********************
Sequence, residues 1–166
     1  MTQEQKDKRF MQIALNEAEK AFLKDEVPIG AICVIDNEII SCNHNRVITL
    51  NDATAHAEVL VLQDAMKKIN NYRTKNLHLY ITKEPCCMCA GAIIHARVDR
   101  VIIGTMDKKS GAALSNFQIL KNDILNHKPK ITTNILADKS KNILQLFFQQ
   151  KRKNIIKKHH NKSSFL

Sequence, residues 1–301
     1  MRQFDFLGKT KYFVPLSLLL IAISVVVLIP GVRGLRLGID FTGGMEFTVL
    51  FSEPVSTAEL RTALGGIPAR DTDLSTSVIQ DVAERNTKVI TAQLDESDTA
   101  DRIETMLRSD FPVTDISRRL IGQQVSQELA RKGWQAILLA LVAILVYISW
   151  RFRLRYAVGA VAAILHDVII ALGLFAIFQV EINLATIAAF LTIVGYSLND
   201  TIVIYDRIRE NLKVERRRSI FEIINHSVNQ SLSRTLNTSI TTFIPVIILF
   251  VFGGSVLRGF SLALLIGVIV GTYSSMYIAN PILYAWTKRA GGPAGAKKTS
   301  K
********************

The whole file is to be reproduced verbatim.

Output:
Sequence, residues 1–166
     1  MTQEQKDKRF MQIALNEAEK AFLKDEVPIG AICVIDNEII SCNHNRVITL
    51  NDATAHAEVL VLQDAMKKIN NYRTKNLHLY ITKEPCCMCA GAIIHARVDR
   101  VIIGTMDKKS GAALSNFQIL KNDILNHKPK ITTNILADKS KNILQLFFQQ
   151  KRKNIIKKHH NKSSFL

Sequence, residues 1–301
     1  MRQFDFLGKT KYFVPLSLLL IAISVVVLIP GVRGLRLGID FTGGMEFTVL
    51  FSEPVSTAEL RTALGGIPAR DTDLSTSVIQ DVAERNTKVI TAQLDESDTA
   101  DRIETMLRSD FPVTDISRRL IGQQVSQELA RKGWQAILLA LVAILVYISW
   151  RFRLRYAVGA VAAILHDVII ALGLFAIFQV EINLATIAAF LTIVGYSLND
   201  TIVIYDRIRE NLKVERRRSI FEIINHSVNQ SLSRTLNTSI TTFIPVIILF
   251  VFGGSVLRGF SLALLIGVIV GTYSSMYIAN PILYAWTKRA GGPAGAKKTS
   301  K